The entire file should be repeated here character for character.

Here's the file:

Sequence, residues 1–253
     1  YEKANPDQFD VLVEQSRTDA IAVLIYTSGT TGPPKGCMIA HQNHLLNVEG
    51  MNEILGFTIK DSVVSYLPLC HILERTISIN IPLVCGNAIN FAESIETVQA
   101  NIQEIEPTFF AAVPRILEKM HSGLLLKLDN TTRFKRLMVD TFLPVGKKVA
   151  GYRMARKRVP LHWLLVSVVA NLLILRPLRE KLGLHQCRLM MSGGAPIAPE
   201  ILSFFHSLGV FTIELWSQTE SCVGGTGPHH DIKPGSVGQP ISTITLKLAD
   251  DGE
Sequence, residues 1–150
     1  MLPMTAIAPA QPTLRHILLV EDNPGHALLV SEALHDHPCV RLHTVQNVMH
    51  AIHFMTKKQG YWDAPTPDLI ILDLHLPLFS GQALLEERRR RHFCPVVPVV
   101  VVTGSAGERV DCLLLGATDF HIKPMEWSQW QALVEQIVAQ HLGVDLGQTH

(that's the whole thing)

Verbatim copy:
Sequence, residues 1–253
     1  YEKANPDQFD VLVEQSRTDA IAVLIYTSGT TGPPKGCMIA HQNHLLNVEG
    51  MNEILGFTIK DSVVSYLPLC HILERTISIN IPLVCGNAIN FAESIETVQA
   101  NIQEIEPTFF AAVPRILEKM HSGLLLKLDN TTRFKRLMVD TFLPVGKKVA
   151  GYRMARKRVP LHWLLVSVVA NLLILRPLRE KLGLHQCRLM MSGGAPIAPE
   201  ILSFFHSLGV FTIELWSQTE SCVGGTGPHH DIKPGSVGQP ISTITLKLAD
   251  DGE
Sequence, residues 1–150
     1  MLPMTAIAPA QPTLRHILLV EDNPGHALLV SEALHDHPCV RLHTVQNVMH
    51  AIHFMTKKQG YWDAPTPDLI ILDLHLPLFS GQALLEERRR RHFCPVVPVV
   101  VVTGSAGERV DCLLLGATDF HIKPMEWSQW QALVEQIVAQ HLGVDLGQTH